Journalism, like any other profession, requires a certain amount of continuing education.
There are courses and seminars available on writing, reporting, editing, layout and design. Over my career I have even had short courses on customer service.
But news of a course sent to us by our editor the other day takes the case.
Next week the National Press Foundation will hold a live webinar titled, “What to Do if You are Arrested or Assaulted.”
The newspaper business has changed dramatically in my 41 years. It used to be all we worried about was spelling, punctuation and where we were going for lunch, not self-defense.
But these are not easy times for journalists. The press is a target of opportunity, a barrage balloon at which politicians and other public figures frequently take potshots.
Over my four decades of ink-stained wretchedness I have been threatened a time or two, cursed at a number of times, chewed out, yelled at and insulted, and that was on the good days.
But assaulted? Never. Neither have I been arrested, for that matter, especially not for doing my job.
The email goes on to say, “How should journalists respond when they are shoved up against a wall, arrested for shouting questions, evicted from public spaces or body-slammed by politicians? In light of recent intimidation tactics and challenges to First Amendment rights, NPF is hosting a free one-hour webinar to offer guidance and resources on how to react if you find yourself in these circumstances.”
If I were assaulted, I would probably bleed, a lot. If I were arrested, I would probably complain, a lot. In either case I would wind up calling a lawyer.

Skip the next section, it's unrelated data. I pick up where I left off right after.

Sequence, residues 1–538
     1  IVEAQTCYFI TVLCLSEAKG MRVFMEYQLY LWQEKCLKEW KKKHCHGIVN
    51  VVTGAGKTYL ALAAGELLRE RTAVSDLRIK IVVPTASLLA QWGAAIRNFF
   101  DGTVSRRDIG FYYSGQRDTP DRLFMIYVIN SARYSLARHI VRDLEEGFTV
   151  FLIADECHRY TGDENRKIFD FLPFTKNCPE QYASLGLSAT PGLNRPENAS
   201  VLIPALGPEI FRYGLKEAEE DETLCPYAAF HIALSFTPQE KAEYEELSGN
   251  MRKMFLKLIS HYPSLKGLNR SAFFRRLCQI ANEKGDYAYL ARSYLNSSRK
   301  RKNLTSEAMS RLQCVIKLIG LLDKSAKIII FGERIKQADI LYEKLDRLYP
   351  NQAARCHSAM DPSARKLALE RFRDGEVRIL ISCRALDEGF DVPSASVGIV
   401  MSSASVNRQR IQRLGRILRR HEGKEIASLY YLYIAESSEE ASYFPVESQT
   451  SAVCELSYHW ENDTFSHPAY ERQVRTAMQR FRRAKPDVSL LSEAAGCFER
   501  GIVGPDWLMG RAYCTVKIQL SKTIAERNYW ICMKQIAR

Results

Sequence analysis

How has it come to this, especially in a country whose Constitution guarantees press freedom? How was a congressional candidate in Montana able to get away with body slamming a reporter, punching him and breaking his glasses, merely because the reporter was asking questions about the Republican health care bill? And how was he able to win the special election in which he was running after doing so?
It’s a given that journalists are in great danger in many parts of the world. Thus far in 2017, 18 journalists have been killed worldwide, thankfully none in the United States. Yet.
There was one American journalist killed in 2016. Since 1992 there have been seven journalists murdered on U.S. soil.
There is growing anger, a groundswell of rage against members of the media steadily growing in this country, fostered in part by the attitude of the present White House administration.
But it is not just a threat of physical violence that faces journalists these days. In May in West Virginia, a broadcast journalist was arrested for persistently asking questions of Tom Price, the U.S. Secretary of Health and Human Services. The reporter, Dan Heyman, a broadcast journalist with Public News Service West Virginia, was arrested and charged with “willful disruption of government processes” after he shouted questions at Price and Kellyanne Conway, an adviser to President Donald Trump, at the West Virginia State Capitol in Charleston. Heyman repeatedly asked the pair whether domestic violence would be treated as a pre-existing condition under the house’s health care bill.
In April, someone left a hangman’s noose on the doorstep of the Sacramento Valley Mirror, a semiweekly newspaper in Willows, Calif., in response to a story about a woman who had hanged herself.
Rest assured the press is not going anywhere, despite any threats and attempts at intimidation that come our way. And what if we did? What then? Would you get your news from the Internet at large, where anybody with a pulse and an ax to grind can post any damn fool thing he pleases?
If the legitimate media goes away, who will tell you want you need to know, whether you want to know it or not?
Mullin is senior writer of the News & Eagle. Email him at firstname.lastname@example.org or call 548-8145.